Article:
Savoie on BNB

In case you didn’t read the TJ today, here is Donald Savoie’s commentary recommending that now is a good time for Business New Brunswick to do some navel gazing.   Savoie isn’t particularly delicate in his commentary but I think BNB would be wise to take his comments in good faith.  Getting hackles up and overly defensive isn’t the right response.  There is always room for improvement in any organization and I think BNB should be happy that there are a wide array of voices chiming in.

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16 Responses to Savoie on BNB

  1. Scott Mackay says:

    There was a good online, interactive discussion tonight over @CBC during the Nova Scotia leaders debate. One of the topics? NSBI and its future. Many think it has lost its way and it is time to look for a new way of doing business.

    My advice, do like Alberta did and ban corporate welfare altogether to firms and companies. Let them be in control of their future.

  2. George Miller says:

    Savoie has been more lucid than this in the past. Exhorting BNB to “think outside the box” and stating the “need for political will” is not penetrating analysis. In any event, his observation that “RIM should have chosen NB” is based on specious logic. One of RIM’s key requirements was a greater [human] resource depth than NB could have accommodated. In fact, the conspicuous shortage of resource critical mass is perhaps the greatest shortfall in NB. I was with a firm in the late ’90s that made its selection decision precisely on that basis even though GNB tried to make the case that Moncton, Saint John and Fredericton comprises a “tri-city” metropolitan area. That’s worth pursuing further but a large number of parochial organizations would need to swallow their pride to support that model.

  3. richard says:

    “…..Plante stressed the most important thing Business New Brunswick can do during the recession is to help the companies that are already in the province”

    That is the head of the NB branch of CME. I guess a big problem in taking up Savoie’s idea is the mindset of the NB business community. What is different about NB’s business community vs NS’s (apart from the obvious)? Which NB business persons would make a good list of candidates for a more independent BNB board?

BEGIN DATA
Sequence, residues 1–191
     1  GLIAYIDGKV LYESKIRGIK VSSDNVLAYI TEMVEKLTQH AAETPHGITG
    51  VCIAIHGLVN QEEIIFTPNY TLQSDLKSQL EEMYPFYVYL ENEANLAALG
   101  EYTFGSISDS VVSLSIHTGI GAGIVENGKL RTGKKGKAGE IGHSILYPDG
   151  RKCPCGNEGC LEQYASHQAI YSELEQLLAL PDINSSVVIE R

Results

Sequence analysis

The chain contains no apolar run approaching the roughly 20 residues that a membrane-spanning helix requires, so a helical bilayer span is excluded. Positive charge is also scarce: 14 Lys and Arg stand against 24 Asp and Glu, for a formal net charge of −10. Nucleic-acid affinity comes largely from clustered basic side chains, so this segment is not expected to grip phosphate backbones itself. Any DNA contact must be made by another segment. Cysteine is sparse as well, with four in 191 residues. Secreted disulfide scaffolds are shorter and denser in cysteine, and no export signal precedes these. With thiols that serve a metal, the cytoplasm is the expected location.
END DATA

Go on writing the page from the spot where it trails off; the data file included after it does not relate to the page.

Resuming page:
Savoie is probably correct – focusing on reforming BNB and ED efforts in general might be more productive than ‘tax cuts, tax cuts’.

  4. richard says:

    “My advice, do like Alberta did and ban corporate welfare altogether to firms and companies. Let them be in control of their future.”

    That’s funny, damn funny.

  5. Anonymous says:

    We know how to get results with economic development. We have seen it done here with the contact center industry and in other provinces and countries.

    – Identify a strength or competitive advantage to market
    – Get buy in from the region’s leader(s)and engage them in the process
    – Promote the hell out of it; whatever the sector is, people have to beleive that NB is the place to be doing business if you are in that sector
    – Introduce incentives to enhance the benefits of business in NB (not artificially prop it up). This does not have to be corporate welfare. There are other approaches that work.
    – Reinvest and build on the results (this is where NB failed with the contact business; 20 years later we are still marketring the same thing in a more competitive environment)

    This ought to influence all ED investments and stratigies. There has to be focus. We are getting far away from the goal when we have ourselves convinced that funding lawn mowers is going to get us where we need to be.

  6. Anonymous says:

    @richard
    Could you please elaborate?

  7. Anonymous says:

    @richard
    “That’s funny, damn funny.”
    Could you please elaborate? I really didn’t see anything funny in Scott’s statement.

  8. Anonymous says:

    “There’s a crying need to think outside the box”
    > As a former resident of NB, my humble (but strong) opinion is that there is only one way to do this: bring someone from outside the box to run BNB.

  9. Scott Mackay says:

    Why is that so hard to believe, Richard? It’s common fact that during the 70s, 80s and well into the 90s, Alberta was the most heavily subsidized province in the federation. From 1986 to 1995, a time period when the Alberta government suffered it’s toughest economic constraints, spending on ED (grants, loans, loan guarantee programs, so on and so forth) exceeded 20 billion, a sum unrivaled by any other province as I earlier indicated (it should be noted alot of that happened under Lougheed and Getty).